Memphians tell story of return from New Orleans

While thousands of Katrina evacuees seek refuge in the Mid-South, some are just glad to be home.

On vacation in New Orleans, nine Memphis men were not sure they would ever make it back home alive.

Four of those men, Jason Weeks, Jim Bland, Michael McCallum and Nick Trobaugh shared their story of survival, grit and miracles with Action News 5.

The group was supposed to be celebrating Jason Weeks' bachelor party in New Orleans, but Katrina had other plans.

They knew they could not leave Saturday night after trains shut down and then the storm raged into New Orleans early Monday morning. "There was no rhyme or reason. You would see objects fly through and they would go fly down the streets faster than you could watch it," said McCallum.

By Tuesday morning, they saw a devastating view from the roof of their hotel: flood water on the streets, thrashed property and no police presence. "The military was not there. Nobody was there it was just free reign on everything in the city," said Weeks.

With flights canceled, no transportation and no help on the way, the group decided to make a move. "We made makeshift backpacks out of our suitcases and walking sticks out of the shower curtain rods to push things floating in the water or anybody that might try to do us harm," said McCallum.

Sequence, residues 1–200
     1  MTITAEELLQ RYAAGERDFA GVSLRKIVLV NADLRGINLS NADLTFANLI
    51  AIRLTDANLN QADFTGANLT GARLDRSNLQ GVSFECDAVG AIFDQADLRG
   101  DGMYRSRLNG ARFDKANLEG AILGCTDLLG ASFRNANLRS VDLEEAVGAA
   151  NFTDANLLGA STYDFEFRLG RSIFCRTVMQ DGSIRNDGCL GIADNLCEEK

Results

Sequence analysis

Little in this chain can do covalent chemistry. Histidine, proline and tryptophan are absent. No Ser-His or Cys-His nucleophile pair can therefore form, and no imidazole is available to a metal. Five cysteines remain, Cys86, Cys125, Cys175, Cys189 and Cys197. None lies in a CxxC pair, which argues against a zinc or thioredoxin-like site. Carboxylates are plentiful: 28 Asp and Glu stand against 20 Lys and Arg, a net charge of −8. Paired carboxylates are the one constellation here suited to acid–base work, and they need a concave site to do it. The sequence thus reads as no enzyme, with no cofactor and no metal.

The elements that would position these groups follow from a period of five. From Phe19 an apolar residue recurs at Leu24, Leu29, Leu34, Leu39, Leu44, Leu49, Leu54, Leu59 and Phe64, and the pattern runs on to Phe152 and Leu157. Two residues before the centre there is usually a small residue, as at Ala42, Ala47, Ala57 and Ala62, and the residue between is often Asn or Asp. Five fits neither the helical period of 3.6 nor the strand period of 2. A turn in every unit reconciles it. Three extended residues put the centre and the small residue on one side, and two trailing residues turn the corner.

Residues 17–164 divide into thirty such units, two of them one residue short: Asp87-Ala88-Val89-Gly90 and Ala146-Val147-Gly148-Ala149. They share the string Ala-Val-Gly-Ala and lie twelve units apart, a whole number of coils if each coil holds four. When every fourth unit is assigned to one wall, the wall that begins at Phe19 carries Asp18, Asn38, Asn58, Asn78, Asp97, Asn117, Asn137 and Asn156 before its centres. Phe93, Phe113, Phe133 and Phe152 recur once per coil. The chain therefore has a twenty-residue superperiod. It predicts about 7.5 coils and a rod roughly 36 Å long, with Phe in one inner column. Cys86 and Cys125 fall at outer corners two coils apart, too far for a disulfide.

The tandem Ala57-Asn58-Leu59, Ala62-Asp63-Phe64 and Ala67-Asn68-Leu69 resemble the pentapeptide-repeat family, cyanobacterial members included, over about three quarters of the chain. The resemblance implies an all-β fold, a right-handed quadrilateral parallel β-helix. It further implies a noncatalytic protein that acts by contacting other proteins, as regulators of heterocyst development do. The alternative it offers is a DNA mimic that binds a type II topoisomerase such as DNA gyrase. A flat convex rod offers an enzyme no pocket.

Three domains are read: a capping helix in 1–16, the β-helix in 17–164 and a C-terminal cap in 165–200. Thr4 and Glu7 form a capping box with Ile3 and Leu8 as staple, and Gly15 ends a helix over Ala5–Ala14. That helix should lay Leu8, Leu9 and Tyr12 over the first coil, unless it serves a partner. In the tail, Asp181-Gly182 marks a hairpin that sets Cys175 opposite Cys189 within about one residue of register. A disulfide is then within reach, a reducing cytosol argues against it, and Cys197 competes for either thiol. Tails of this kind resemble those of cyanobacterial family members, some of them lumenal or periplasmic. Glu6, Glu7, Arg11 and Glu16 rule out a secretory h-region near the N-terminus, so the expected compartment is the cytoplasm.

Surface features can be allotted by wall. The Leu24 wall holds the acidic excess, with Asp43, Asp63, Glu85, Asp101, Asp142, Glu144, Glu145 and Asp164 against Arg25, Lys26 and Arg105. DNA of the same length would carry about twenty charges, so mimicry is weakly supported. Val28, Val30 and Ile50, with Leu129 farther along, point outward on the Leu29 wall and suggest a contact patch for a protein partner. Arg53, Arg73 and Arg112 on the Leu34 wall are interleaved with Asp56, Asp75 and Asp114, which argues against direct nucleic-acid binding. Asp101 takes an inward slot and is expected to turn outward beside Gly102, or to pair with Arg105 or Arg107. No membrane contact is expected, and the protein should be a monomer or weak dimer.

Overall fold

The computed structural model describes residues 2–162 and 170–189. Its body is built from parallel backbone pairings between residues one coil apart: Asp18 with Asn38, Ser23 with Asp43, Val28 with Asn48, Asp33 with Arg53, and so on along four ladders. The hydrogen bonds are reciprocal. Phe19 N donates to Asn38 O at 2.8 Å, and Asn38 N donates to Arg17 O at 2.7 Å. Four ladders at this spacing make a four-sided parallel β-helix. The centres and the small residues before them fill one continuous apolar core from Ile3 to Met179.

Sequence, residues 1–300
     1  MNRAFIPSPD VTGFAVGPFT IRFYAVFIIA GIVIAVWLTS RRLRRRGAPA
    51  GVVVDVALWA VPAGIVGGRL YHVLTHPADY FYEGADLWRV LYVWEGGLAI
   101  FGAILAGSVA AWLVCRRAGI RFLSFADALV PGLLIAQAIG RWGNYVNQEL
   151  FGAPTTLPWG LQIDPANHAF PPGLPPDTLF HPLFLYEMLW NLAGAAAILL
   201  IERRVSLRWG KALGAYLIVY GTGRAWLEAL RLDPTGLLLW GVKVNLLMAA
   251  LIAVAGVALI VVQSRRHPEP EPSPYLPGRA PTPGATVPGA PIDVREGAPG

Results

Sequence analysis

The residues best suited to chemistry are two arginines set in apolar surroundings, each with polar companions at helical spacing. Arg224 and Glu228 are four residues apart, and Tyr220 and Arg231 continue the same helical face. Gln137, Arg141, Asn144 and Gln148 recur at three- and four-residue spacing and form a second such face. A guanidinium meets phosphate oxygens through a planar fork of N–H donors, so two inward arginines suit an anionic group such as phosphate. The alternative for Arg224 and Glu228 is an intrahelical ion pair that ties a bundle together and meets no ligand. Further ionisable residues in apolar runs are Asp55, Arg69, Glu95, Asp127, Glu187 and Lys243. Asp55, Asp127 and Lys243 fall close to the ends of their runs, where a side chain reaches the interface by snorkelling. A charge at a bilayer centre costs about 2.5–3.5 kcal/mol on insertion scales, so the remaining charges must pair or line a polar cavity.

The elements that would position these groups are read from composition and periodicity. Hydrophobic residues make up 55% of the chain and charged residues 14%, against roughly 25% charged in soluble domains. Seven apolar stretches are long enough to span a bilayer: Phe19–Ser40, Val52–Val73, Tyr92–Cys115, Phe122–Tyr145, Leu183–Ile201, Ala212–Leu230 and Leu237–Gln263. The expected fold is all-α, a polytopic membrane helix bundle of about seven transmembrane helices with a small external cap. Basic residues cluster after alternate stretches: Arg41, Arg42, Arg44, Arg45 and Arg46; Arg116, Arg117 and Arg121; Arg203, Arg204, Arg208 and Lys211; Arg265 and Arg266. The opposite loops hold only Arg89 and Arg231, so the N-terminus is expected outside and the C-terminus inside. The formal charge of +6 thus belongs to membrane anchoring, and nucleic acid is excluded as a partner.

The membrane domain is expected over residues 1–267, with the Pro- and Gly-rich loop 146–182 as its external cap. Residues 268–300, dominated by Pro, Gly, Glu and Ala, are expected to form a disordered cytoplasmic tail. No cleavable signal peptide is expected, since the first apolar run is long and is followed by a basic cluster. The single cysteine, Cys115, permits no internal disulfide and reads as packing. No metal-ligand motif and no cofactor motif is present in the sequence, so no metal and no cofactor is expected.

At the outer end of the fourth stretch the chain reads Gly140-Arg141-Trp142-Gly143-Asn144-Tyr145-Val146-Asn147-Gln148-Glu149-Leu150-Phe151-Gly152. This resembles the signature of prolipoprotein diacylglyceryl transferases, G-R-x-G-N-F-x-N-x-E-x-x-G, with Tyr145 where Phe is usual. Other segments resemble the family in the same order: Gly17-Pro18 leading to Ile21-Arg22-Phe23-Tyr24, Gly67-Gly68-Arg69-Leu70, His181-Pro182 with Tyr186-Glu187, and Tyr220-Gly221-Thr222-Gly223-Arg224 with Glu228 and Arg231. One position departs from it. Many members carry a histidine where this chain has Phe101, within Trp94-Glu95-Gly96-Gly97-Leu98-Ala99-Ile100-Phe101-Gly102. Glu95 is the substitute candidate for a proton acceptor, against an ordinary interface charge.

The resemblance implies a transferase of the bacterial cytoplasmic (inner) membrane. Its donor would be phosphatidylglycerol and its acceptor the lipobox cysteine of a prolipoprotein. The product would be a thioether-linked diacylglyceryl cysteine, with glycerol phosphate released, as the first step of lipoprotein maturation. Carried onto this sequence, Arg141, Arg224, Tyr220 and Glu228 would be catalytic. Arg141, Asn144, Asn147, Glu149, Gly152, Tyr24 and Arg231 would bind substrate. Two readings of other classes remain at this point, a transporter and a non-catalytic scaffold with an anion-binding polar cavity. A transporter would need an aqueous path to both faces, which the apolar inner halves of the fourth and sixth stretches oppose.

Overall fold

They trudged through soupy black water to dry land. The men said if it wasn't for maps and a cell phone, they would not have made it. They text messaged a relative to find out which roads were open.

Nick Trobaugh said the group heard about a bus heading to a shelter. "There was probably at least 75 people trying to get in that bus and somehow all 9 of us got in. It was a miracle," he said.

However, they soon learned the shelter was packed. Then, officers in Jefferson Parish turned them away with guns in hand.

Finally, they paid a man to drive them to safety 50 miles away in Baton Rouge, Louisiana. "It was a tight ride, but it was the best thing that probably happened to us in those last three days," said Trobaugh.

A relative picked them up in Baton Rouge and now they're home in Memphis.

The men are grateful, but they said there are so many others who need help now.